At the Captains table

Author, second from left, preparing to greet the guests
Author, second from left, preparing to greet the guests


If you can make one generalisation about cruise ship passengers it is that they love their food.  They will eat five course breakfasts then go back for a few snacks before sitting down for a  buffet-style lunch of as much as they can fit on their tray with a dollop of ‘light’ mayonnaise on top.  Then it is afternoon nibbles by the pool before getting ready for dinner. Most of the big cruise ships have multiple dining options in the evening from pizza and burgers to twelve course degustation menus.  But nothing compares  to the social event of dining with the captain and his senior officers.

Once a cruise we would host a table of lucky guests, usually chosen from those with most frequent cruiser points.  The officers would each have a table of eight  to entertain. There was no excuse for non-attendance.  You could have a patient about to be intubated for cardiogenic shock down in the medical centre and you would be expected to only pop down in between the starter and the main course – and only then if you promised to return in time for dessert.  Wine would flow freely and patients would trade stories.   The hotel director took particular delight in matching up passengers with hosts.  Ex-engineers would often be seated with the senior technical officers.  The entertainments director would get the faded starlets and the doctor… the doctor would get the oldest, most frail appearing patients.  Perhaps they had bribed the maitre’d in order to be close to medical assistance should the need arise. Each patient, sorry passenger, would take it in turns to tell me their medical woes, unperturbed by the lack of privacy or confidentiality  the dining table held.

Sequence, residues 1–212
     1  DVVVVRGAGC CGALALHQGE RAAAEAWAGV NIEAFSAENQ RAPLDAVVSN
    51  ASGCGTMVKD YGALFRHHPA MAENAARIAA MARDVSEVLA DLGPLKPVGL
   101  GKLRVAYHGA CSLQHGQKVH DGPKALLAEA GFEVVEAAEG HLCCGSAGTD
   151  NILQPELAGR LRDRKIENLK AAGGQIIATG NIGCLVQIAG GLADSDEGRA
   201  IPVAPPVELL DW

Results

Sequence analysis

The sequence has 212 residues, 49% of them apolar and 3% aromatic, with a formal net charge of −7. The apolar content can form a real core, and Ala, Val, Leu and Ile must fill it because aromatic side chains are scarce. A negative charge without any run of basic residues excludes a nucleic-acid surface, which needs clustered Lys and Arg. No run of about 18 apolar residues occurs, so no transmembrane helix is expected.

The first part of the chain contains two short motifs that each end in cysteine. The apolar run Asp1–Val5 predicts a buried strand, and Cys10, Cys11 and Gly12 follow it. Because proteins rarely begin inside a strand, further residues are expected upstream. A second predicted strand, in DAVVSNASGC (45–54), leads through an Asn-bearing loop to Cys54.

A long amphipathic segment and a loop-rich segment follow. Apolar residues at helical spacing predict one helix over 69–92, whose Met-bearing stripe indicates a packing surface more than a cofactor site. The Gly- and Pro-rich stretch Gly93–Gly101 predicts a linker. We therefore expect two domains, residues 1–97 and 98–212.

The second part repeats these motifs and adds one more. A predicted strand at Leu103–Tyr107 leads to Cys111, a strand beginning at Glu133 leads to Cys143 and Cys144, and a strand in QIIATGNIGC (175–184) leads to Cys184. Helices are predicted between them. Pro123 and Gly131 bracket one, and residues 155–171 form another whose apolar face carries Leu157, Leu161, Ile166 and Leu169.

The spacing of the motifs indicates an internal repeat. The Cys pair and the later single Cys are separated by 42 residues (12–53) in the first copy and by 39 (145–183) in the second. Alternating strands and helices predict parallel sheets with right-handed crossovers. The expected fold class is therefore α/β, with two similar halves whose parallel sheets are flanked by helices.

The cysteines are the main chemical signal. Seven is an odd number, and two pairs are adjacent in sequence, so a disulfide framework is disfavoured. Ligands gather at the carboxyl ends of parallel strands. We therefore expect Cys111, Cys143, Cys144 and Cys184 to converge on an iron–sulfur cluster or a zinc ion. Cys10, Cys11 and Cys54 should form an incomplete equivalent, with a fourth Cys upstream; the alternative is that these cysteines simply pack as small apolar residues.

I should have been immediately suspicious when Mr and Mrs Stone invited me to a private lunch.  We were at sea and not very busy in the medical centre so I couldn’t get out of it.  Mr Stone was in his early seventies and appeared to be in good health, and with a wife forty years younger, he needed it. I should have been more suspicious when he informed me that he had already made arrangements with the chef for the starter.  He had ordered me his special soup, the one that he had eaten every day for the last forty years. He claimed it was the reason for his healthy physique.  As the weak and watery green broth was placed in front of me, he looked around, waiting for the waiter to depart before leaning over to ask for my medical advice.

A ‘friend’ of his was in need of a new kidney.  He had developed some form of renal failure when he was in his fifties and the kidneys  he had were failing.  He did not want to spend the rest  of his life on dialysis as it would mean no more cruising. and though he had been placed on the transplant list his ‘ friend’ didn’t hold out much hope of getting to the top of it.  He had heard that one could buy second-hand organs on the black market but he didn’t know where to look. Surely I, as an accomplished and very well-travelled cruise ship physician, might have some contacts in exotic ports?  I have been asked lots of random medical questions before but never had I been asked to traffic human organs.  I looked pensively into my green soup before looking up at Mr Stone and informing him that I had, unfortunately, been at sea too long to know anyone in the field of organ procurement and that perhaps patience would be a better course of action. Mr Stone was about to ask me something else when the waiter appeared  to take my order for the main course. After all that green cabbage water I needed something with a bit of substance to it, something meaty. I scanned the menu but couldn’t see anything I fancied.  I was about to order the old standby of Caesar salad when I spotted my perfect lunch on the specials board…steak and kidney pie.

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